the eigenvalues
and the eigenvectors of this resistance matrix.
When
all units are

identical the matrix is a
Toeplitz

matrix, that is, elements are constant along diagonals.


For a finite DNA chain of


base
pairs, the convergence of

the eigenvalues and eigenvectors of the



by


Toeplitz matrix to
the





analytical

limit has
been

studied
28
.

The close agreement
between results

from
our
analytical analysis with an infinitely

large system by

eq. 5

and our simulation studies for




show
s

consistence with

the

mathematical study

in

Ref. 28
;
the DNA chain length
satisfies








so

that





serves

as a
good approximation.

Of course, in

reality

these

DNA

units are in general different.
T
he variations of the DNA
molecule at
the
base pair level,

including

mismatches
29
,
3
0

(broken hydrogen bonds and poor
stacking forces) and sequence
-
dependent
fea
t
ures

31
,
3
2

(hydrogen bond strength and stacking
force vary for different sequence
s
),
actually
have

importa
nt biological implication
s and
accordingly
are of great interest
.

The
rugged free
-
energy landscape associated with the

sequence
dependent interaction
s

between DNA and the binding protein
has been probed
33

and its
important

role
on
many
processes of great biological importance, e.g. the sliding kinetics of the

binding

protein along DNA
,
has been discussed
34
.

Qualitatively
, we know that GC
stacking
interactions are more stable than AT stacking interactions, that is
|




|

|




|
. This leads
to a smaller overall amplitude of the induced alteration of orientation for GC
-
rich DNA segments
than
for
AT
-
rich segments,
in
qualitative agreement with

experimental observations
1
1
.

However,
a highly desired quantitative study
is left for the future, although we do note here that for

small
variations this can be realized by perturbation of the resistance matrix


around
the
Toeplitz
19


matrix
M

as

(



)

















(


)
.

The sequence dependence and other
issues will be subjects of further studies.

In conclusion, we
have
proposed a mechanical model

and analytic analysis

to explain the
recent experimentally observed
DNA allostery phenomenon.

We attributed the

observed

DNA
allostery to major groove distortions, which result from the deformation of DNA base
orientations.


Since the DNA base orientation is much more flexible than the backbone or
the
interhelical distanc
e,
the local deformation of
the
interhelical distance transfers to the
distortion
of
the
base orientation very rapidly
,

which

can

propagate to
a long range

at a

length scale

about



.


The major gro
o
ve length

oscillates
because of

the intrinsic
double helix
structure

of

DNA.


L
ocal

deformation
s, major groove width in particular as shown in recent experimental
study,

induced by

the

first protein
bound

in turn affects the binding of a second protein

and vi
c
e
versa
, which is
the underlying mechanism for
DNA allostery.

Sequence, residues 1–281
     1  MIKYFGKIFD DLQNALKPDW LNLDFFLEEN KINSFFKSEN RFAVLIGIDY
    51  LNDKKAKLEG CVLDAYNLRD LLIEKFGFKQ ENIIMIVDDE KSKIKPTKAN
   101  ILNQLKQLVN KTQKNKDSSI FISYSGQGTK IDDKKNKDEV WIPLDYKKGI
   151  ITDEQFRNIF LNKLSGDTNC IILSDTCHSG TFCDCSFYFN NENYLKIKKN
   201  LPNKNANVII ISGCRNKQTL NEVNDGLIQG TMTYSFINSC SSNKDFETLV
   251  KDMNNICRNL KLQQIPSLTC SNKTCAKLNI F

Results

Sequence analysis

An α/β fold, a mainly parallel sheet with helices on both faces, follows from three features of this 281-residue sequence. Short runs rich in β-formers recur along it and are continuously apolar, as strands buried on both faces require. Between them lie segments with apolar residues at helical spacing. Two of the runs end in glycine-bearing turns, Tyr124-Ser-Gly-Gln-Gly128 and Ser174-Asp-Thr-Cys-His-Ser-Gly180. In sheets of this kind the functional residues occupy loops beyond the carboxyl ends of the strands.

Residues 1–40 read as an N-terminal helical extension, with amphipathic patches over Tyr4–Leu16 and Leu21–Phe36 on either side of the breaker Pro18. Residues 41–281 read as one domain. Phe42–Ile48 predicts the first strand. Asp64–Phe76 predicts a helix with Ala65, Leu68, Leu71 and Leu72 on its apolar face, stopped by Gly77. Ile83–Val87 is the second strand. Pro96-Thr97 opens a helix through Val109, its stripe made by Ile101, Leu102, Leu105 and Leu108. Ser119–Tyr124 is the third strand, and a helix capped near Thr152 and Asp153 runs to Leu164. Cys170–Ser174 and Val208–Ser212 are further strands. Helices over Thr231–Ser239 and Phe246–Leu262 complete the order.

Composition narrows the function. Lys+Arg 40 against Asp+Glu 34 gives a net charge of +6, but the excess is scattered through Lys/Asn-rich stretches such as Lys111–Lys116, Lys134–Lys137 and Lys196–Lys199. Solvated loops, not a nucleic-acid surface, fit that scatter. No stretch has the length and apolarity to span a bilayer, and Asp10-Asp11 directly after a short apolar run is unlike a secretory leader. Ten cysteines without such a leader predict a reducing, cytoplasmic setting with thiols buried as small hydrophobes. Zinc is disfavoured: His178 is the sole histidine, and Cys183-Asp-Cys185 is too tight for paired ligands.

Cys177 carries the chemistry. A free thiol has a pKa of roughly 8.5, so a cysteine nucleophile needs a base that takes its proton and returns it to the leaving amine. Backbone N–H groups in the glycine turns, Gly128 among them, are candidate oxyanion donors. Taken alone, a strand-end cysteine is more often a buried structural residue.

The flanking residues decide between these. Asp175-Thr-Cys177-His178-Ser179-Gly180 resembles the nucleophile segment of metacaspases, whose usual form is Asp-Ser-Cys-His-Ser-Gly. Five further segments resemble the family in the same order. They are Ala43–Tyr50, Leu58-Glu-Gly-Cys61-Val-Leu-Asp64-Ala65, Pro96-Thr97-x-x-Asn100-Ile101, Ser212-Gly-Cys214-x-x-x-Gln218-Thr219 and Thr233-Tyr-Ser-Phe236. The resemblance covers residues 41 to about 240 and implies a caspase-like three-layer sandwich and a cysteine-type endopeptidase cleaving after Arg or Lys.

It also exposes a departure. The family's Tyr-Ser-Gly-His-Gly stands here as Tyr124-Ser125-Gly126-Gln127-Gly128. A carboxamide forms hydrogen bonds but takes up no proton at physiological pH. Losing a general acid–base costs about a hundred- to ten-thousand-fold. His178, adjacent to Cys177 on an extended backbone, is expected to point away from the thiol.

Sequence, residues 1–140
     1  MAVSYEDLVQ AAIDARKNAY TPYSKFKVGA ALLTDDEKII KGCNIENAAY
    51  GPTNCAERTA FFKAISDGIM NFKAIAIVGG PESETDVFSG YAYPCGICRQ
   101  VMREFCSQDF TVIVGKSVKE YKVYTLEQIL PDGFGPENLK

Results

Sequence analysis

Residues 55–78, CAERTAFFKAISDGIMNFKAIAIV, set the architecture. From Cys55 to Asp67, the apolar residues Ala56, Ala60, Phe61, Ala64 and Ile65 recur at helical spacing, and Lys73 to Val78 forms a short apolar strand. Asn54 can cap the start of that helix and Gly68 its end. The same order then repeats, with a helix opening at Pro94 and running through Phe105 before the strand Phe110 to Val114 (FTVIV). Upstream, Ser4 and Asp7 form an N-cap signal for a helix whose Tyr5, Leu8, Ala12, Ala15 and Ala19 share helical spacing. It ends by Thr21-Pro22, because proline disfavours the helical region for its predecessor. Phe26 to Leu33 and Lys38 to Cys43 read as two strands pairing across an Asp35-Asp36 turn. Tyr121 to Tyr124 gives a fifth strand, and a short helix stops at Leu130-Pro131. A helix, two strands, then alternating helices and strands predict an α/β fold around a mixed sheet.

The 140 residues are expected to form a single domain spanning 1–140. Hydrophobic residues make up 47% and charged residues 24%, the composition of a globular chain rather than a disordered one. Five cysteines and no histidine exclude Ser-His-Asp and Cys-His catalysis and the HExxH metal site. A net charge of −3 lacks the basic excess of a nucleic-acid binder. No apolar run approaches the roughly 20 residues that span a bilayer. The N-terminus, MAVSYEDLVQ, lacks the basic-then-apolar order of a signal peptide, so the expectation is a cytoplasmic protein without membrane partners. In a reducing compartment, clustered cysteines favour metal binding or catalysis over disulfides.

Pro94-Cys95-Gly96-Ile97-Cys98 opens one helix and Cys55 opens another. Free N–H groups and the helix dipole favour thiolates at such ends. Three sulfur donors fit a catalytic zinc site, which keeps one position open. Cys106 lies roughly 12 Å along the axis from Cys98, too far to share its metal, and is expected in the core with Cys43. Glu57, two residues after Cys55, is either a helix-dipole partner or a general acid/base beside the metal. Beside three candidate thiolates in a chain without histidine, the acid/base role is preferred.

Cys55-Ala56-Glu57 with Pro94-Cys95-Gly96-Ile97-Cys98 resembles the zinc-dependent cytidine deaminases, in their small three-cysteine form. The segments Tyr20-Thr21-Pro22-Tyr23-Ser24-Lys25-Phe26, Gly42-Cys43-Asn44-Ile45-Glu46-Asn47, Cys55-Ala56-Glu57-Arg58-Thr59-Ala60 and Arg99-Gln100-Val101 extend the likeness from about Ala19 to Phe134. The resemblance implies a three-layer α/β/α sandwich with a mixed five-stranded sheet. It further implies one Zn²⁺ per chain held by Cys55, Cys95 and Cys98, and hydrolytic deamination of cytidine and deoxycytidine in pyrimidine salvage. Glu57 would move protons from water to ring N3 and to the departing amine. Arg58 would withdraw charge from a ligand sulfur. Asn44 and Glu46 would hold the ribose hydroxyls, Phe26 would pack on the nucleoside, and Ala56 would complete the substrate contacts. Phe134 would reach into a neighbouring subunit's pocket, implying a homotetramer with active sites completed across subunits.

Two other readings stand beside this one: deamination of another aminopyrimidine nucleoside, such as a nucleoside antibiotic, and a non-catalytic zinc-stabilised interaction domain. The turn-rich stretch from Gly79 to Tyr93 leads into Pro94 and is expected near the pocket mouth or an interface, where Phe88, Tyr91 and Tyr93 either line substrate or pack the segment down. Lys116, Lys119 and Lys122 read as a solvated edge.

20


Appendix
. Approximate solution to eq. 3.


In order t
o solve
the full eq. 3
, we assume that the system is linear. When one base pair
is pulled apart, changes of orientations for neighboring base pairs are induced. Along the DNA
chain
we see that spatially the inter
helical distance change deformation transforms into

an

orientati
on change deformation. Under the linear system assumption, we assume that the
external torque on the
n
th

base







. Equation 3 then

becomes




(







)










(







)







. (A1)

Without the external torques, we have seen that
the solution to equation




(







)










(







)



(A2)

satisfies














. As an extension of this result to a system with li
near coupling
between
the inter
helical distance change and the orientation change, we assume that there exists
a linear combination










that obeys















, (A3)

where


is constant showing the coupling between the two deformations
just mentioned
.


Equation
s A1 and A3

can be solved together numerically, with any specified constant

.
Based on the fact that in our case the decaying length

scale



is

about ten times larger

than the
length

scale



over which the inter
helical distance change transforms into
an
orientation change,
an analytical solution can be achieved with an additional

appr
oximation
.

This approximation
considers that

the decaying le
ngth

scale



is

much larger than the lengthscale



so that
the
decaying regime and the transformation regime can be regarded as decoupled. That is, in the
transformation regime,
the decaying terms
can be regarded as
negligible

so that we have
:

{



(







)




(







)

















.

(A4)

Equation A4

can be solved analytically with












and






(








)
, where




(

)



and


satisfies:





(






)











.

(A5)

Outside the transformation regime we can assume that the external torque is negligible so that














, where




. So overall an analytical approximation of the solution to
equation (3) can be written as:







(








)






. (A6)



21


Table I

Parameters used for ideal B
-
type DNA:

Base step in
z

direction

Base step intrinsic twist

Radius of the double helix







̇













̇


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䵯湴e⁃a牬漠獩r畬慴楯渺

Bac止潮e⁳瑲 ng瑨

Ba獥⁳瑡c歩kg

摩獴a湣e⁰ 牴

Hyd牯ge渠扯湤n
獴牥湧瑨

Ba獥⁳瑡c歩kg
潲楥湴慴楯渠灡n琠I

Ba獥⁳瑡c歩kg
潲楥湴慴楯渠灡n琠䥉










̇











̇











̇


























22


Acknowledgements

X.L.X.

would like to thank J. Wu,

L. Lai
, C. Chern and J. Moix

for helpful discussions.
X.L.X.